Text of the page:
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Author Topic: Inductive loop leaking into ClearCom Freespeak headsets  (Read 1991 times)

Pete Erskine

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Inductive loop leaking into ClearCom Freespeak headsets
« on: March 01, 2018, 02:41:27 pm »

In this theatre they use an inductive loop hard of hearing system.  Any FS pack with a dynamic mic picks up the program when a channel is keyed, allbeit 20 dB down with light weight headsets. 

Electret mics have no problem and dynamic mics in the Sony Cameras are ok.  Just the FS mic-in is picking it up.

any help is welcome....
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Keith Broughton

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Re: Inductive loop leaking into ClearCom Freespeak headsets
« Reply #1 on: March 01, 2018, 03:27:34 pm »

In this theatre they use an inductive loop hard of hearing system.  Any FS pack with a dynamic mic picks up the program when a channel is keyed, allbeit 20 dB down with light weight headsets. 

Electret mics have no problem and dynamic mics in the Sony Cameras are ok.  Just the FS mic-in is picking it up.

any help is welcome....
Can you determine if it's the actual capsule or the wiring in the boom that is the antenna?
I can't recall if the wiring in the boom is shielded or not.
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Pete Erskine

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Re: Inductive loop leaking into ClearCom Freespeak headsets
« Reply #2 on: March 01, 2018, 03:30:56 pm »

Can you determine if it's the actual capsule or the wiring in the boom that is the antenna?
I can't recall if the wiring in the boom is shielded or not.

I think its the unbalanced connection to the FS BP. I wrapped a headset in shielding and still picked it up.
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Jason Glass

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Re: Inductive loop leaking into ClearCom Freespeak headsets
« Reply #3 on: March 01, 2018, 05:36:42 pm »

I think its the unbalanced connection to the FS BP. I wrapped a headset in shielding and still picked it up.
Hi Pete,

Do you have any large snap-on ferrite beads that you could experiment with? One might also try soldering RF blocking capacitors into the headset connectors; admittedly a total PITA.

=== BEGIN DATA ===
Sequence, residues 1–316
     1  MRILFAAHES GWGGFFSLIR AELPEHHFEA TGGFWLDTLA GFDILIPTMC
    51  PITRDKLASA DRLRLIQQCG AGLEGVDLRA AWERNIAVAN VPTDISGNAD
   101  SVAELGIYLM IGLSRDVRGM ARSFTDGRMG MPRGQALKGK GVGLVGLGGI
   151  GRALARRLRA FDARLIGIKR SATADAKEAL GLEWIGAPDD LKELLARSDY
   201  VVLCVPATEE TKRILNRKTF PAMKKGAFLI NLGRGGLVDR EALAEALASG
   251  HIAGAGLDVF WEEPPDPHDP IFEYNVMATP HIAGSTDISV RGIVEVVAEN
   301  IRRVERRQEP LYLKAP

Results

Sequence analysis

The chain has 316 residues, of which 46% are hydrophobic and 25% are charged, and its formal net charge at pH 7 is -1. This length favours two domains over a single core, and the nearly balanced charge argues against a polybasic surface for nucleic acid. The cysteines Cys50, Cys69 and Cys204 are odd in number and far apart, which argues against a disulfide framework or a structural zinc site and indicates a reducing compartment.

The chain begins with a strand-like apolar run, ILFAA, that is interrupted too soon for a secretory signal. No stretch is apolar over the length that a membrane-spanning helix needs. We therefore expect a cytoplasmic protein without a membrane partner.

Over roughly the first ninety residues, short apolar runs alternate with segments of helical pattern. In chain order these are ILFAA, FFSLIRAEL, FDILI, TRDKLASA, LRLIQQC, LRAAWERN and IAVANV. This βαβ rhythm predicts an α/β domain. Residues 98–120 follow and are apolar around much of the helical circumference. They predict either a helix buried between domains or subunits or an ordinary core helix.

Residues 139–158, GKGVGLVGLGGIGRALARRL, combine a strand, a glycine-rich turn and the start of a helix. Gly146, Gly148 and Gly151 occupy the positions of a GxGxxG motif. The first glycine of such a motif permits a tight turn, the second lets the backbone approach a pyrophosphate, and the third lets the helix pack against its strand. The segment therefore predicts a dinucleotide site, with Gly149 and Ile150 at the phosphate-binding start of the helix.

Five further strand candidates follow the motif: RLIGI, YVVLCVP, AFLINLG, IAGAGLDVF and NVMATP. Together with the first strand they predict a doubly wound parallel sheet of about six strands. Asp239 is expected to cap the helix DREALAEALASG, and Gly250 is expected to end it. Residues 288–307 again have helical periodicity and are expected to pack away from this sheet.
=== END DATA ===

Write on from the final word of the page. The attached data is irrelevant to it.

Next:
Sent from my Nexus 5 using Tapatalk

Pete Erskine

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Re: Inductive loop leaking into ClearCom Freespeak headsets
« Reply #4 on: March 01, 2018, 06:22:38 pm »

Hi Pete,

Do you have any large snap-on ferrite beads that you could experiment with? One might also try soldering RF blocking capacitors into the headset connectors; admittedly a total PITA.

Sent from my Nexus 5 using Tapatalk

no....  Ill look for some on the weekend...
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Ron Hebbard

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Re: Inductive loop leaking into ClearCom Freespeak headsets
« Reply #5 on: March 01, 2018, 06:39:07 pm »

In this theatre they use an inductive loop hard of hearing system.  Any FS pack with a dynamic mic picks up the program when a channel is keyed, allbeit 20 dB down with light weight headsets. 

Electret mics have no problem and dynamic mics in the Sony Cameras are ok.  Just the FS mic-in is picking it up.

any help is welcome....
One ugly solution that worked well for me with a Beyer DT-108 in a high EMI environment was to glue a second identical mic capsule on the rear of the existing mic and wire the two mics in series aiding.  With the second mic physically reversed, its induced voltage cancelled the induced voltage in the original mic.  With the wearer's voice primarily being picked up by the original mic, they were heard on the intercom loud and clear.  Looked ugly as sin and was a little weighty on the boom's tilt lock but worked superbly.  This was worn by an assistant LX while shuffling mid-performance patches in a large repertory theatre's dimmer room where the board operator was hoping to hear "Completes" on the various patch changes as they occurred.  The LX patch was a single conductor 'telco' style patch in the mid 1970's.
There you go and worth every penny I charged you. 
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Ron Hebbard.